Section 3 | Biosecurity and Health Management on Ontario Equine Premises

Ontario Equine
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Infection Prevention and Control

Decreasing Exposure to Pathogens

The hallmark of biosecurity is reducing risk, and to do this, it’s important to consider areas where we can reduce exposure to disease.


Decreased exposure to pathogens can be achieved by managing:

  • Animal movement and flow
  • Cleaning and disinfection
  • Traffic and access
  • Pests and parasites


Check out this overview of how pathogens are spread, developed by Equine Guelph:

Animal Movement and Flow

Prevent the spread of disease and reduce animal exposure by monitoring and controlling animal movement. Below are some important considerations to prevent diseases from entering, spreading within, and leaving a facility.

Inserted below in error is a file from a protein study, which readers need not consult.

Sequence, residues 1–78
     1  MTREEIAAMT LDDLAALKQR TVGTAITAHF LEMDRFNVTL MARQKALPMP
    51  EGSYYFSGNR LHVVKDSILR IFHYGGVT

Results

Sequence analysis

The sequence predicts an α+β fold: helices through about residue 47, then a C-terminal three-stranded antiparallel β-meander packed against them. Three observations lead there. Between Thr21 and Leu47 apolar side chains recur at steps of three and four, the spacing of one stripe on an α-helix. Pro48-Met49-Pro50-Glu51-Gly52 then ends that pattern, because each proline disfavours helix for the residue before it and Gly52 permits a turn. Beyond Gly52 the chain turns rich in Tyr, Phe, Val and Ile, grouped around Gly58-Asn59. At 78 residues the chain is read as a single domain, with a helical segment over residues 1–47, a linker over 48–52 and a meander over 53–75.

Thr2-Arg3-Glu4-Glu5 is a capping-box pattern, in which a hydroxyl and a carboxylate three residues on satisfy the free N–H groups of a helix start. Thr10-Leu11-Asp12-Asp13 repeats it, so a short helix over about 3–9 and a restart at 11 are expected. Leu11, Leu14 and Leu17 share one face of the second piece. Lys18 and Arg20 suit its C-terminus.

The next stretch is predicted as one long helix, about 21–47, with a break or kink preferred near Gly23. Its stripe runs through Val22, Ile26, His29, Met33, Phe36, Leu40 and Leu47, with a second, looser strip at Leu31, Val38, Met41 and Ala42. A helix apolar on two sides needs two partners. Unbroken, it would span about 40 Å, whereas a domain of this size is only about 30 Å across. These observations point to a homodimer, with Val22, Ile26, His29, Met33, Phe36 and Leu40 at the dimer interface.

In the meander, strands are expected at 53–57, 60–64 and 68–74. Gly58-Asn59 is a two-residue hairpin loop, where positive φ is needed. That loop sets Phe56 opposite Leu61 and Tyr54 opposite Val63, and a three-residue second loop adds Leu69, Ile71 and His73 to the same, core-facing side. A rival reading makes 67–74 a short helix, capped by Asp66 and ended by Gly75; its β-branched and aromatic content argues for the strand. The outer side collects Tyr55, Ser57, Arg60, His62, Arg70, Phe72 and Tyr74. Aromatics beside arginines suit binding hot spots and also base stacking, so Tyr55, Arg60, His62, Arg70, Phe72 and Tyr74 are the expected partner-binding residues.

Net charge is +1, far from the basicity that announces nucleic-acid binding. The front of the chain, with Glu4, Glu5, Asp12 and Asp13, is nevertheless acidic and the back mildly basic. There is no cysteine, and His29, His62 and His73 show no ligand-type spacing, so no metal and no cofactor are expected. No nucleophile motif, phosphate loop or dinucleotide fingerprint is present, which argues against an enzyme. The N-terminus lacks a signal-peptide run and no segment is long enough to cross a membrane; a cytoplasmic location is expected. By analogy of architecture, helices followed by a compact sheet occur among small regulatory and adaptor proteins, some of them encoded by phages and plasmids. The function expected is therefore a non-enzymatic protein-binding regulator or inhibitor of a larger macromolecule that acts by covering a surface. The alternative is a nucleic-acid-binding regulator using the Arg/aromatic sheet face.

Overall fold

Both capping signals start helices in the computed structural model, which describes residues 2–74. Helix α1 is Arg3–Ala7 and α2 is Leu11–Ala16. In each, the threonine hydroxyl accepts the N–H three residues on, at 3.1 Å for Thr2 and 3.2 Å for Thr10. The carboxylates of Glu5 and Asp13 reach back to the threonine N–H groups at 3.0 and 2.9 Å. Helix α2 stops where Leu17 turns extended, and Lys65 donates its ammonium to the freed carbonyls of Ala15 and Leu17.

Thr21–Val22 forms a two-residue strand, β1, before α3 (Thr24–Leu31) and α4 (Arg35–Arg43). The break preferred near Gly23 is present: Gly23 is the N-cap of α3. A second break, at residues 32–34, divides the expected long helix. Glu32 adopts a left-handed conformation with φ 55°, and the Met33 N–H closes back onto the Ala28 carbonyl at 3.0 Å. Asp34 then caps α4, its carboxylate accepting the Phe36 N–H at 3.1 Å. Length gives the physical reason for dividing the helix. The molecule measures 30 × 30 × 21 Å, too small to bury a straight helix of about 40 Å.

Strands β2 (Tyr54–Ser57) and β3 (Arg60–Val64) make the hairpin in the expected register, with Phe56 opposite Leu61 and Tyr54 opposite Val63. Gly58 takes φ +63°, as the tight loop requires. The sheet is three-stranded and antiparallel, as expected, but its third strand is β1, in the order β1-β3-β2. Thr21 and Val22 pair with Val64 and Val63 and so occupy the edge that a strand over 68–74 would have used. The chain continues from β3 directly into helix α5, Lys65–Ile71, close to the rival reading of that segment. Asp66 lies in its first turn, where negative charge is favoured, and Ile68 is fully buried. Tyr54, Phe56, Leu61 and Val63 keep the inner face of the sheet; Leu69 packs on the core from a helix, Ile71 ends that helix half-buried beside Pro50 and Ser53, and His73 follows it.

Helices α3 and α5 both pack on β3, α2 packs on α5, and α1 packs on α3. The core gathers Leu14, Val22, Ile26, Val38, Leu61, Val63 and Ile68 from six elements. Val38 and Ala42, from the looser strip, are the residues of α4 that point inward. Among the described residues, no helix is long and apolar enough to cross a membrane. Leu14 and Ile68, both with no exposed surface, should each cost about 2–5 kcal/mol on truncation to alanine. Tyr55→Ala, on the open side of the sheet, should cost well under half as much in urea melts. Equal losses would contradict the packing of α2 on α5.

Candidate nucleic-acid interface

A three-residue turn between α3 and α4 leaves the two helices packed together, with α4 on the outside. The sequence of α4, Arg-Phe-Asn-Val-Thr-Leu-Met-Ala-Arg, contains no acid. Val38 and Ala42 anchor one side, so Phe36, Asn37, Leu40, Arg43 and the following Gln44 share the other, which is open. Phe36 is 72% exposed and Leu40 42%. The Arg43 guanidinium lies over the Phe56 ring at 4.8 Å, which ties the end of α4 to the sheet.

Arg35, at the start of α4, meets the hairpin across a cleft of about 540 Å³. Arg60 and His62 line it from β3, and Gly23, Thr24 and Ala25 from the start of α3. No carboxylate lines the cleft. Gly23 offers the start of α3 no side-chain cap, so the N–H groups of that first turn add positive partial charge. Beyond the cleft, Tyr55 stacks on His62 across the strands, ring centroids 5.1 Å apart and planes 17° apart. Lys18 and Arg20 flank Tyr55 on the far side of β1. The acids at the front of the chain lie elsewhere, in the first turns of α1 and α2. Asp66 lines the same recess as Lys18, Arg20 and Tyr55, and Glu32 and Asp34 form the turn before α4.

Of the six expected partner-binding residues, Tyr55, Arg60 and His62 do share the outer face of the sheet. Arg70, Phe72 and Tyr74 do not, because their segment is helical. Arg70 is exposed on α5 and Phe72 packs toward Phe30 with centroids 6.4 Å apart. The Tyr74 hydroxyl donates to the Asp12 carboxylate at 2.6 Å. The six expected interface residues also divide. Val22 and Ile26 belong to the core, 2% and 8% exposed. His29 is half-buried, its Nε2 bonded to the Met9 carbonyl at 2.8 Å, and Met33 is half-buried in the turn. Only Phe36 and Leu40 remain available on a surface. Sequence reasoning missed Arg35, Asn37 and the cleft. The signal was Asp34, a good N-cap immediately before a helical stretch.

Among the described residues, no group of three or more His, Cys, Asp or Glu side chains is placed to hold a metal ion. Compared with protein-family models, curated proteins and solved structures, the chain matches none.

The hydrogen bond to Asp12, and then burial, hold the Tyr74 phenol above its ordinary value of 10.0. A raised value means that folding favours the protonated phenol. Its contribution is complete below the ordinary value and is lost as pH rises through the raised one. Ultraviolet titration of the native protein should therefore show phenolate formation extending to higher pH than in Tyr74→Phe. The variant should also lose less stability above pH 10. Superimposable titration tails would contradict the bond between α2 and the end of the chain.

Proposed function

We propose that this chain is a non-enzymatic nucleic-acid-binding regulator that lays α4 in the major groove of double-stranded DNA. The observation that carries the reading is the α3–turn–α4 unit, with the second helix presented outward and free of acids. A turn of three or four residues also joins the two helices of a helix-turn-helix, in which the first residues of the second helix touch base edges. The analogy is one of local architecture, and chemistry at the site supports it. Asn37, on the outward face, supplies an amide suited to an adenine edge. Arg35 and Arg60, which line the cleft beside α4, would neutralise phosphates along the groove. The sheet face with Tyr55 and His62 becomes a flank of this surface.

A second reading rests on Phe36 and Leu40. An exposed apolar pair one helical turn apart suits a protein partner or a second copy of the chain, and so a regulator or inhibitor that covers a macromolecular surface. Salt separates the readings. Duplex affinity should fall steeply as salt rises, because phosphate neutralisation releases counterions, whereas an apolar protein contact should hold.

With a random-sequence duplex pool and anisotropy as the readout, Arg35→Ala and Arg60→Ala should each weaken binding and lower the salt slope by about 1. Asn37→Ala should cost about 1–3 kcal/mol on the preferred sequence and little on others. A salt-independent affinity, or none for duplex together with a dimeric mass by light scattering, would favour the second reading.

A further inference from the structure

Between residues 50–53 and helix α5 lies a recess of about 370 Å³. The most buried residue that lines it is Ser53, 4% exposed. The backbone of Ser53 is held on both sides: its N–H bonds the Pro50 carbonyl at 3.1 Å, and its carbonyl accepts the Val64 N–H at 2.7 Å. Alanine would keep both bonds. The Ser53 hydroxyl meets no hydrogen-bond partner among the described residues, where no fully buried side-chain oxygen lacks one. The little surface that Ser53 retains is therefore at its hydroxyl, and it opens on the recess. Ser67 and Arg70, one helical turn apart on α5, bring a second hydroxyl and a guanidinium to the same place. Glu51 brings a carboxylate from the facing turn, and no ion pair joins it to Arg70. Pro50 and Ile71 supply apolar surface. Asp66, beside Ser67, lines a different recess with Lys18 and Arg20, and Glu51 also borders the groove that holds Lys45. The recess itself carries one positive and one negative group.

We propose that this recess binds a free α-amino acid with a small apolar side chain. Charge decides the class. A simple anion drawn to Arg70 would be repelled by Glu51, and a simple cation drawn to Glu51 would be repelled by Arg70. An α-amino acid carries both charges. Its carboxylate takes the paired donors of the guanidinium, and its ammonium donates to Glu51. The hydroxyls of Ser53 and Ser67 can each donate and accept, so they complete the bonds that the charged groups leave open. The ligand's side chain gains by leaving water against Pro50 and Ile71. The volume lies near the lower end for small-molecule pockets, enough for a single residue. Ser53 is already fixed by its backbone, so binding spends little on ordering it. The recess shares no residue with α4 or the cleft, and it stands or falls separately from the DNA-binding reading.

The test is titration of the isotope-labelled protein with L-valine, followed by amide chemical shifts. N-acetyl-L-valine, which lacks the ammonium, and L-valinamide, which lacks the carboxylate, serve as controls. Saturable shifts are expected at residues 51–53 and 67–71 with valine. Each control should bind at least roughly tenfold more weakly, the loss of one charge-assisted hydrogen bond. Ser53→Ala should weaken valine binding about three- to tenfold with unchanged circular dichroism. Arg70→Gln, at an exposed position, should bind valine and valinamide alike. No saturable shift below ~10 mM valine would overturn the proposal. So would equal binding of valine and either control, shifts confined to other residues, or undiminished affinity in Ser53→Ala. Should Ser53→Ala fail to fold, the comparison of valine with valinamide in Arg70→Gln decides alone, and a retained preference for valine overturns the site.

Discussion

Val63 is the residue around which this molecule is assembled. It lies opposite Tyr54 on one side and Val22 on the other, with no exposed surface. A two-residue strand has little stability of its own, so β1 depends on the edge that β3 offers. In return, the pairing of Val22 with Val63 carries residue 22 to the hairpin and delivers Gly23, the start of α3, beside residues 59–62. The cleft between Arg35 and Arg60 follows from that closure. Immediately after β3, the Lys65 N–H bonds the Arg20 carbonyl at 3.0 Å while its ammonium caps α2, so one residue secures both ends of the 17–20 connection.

Newly Arrived or Returning Animals

Separating newly arrived and returning animals can minimize the spread of diseases they may have after being exposed to disease at another location.


You should consider three key practices:

  1. Obtain vaccination, deworming and other pertinent health information for newly purchased animals, or animals that will be staying at your facility
  2. Have designated equipment for these animals that is separate from other equipment
  3. Work with your veterinarian to determine an SOP for quarantining new and returning animals


How Long Should I Quarantine Horses?

According to the National Standard, a 5-7 day quarantine period may be appropriate for animals known to be in good health, and that have not been exposed to any other animals.